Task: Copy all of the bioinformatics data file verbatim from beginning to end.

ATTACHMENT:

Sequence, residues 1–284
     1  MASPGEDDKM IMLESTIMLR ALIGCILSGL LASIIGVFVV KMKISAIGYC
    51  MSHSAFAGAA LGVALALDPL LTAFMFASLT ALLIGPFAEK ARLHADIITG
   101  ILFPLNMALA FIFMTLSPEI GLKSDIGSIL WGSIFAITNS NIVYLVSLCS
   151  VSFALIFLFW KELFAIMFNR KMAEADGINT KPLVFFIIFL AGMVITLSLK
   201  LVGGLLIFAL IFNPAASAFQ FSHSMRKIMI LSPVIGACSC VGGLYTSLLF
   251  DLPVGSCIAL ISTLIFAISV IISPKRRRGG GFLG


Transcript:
Sequence, residues 1–284
     1  MASPGEDDKM IMLESTIMLR ALIGCILSGL LASIIGVFVV KMKISAIGYC
    51  MSHSAFAGAA LGVALALDPL LTAFMFASLT ALLIGPFAEK ARLHADIITG
   101  ILFPLNMALA FIFMTLSPEI GLKSDIGSIL WGSIFAITNS NIVYLVSLCS
   151  VSFALIFLFW KELFAIMFNR KMAEADGINT KPLVFFIIFL AGMVITLSLK
   201  LVGGLLIFAL IFNPAASAFQ FSHSMRKIMI LSPVIGACSC VGGLYTSLLF
   251  DLPVGSCIAL ISTLIFAISV IISPKRRRGG GFLG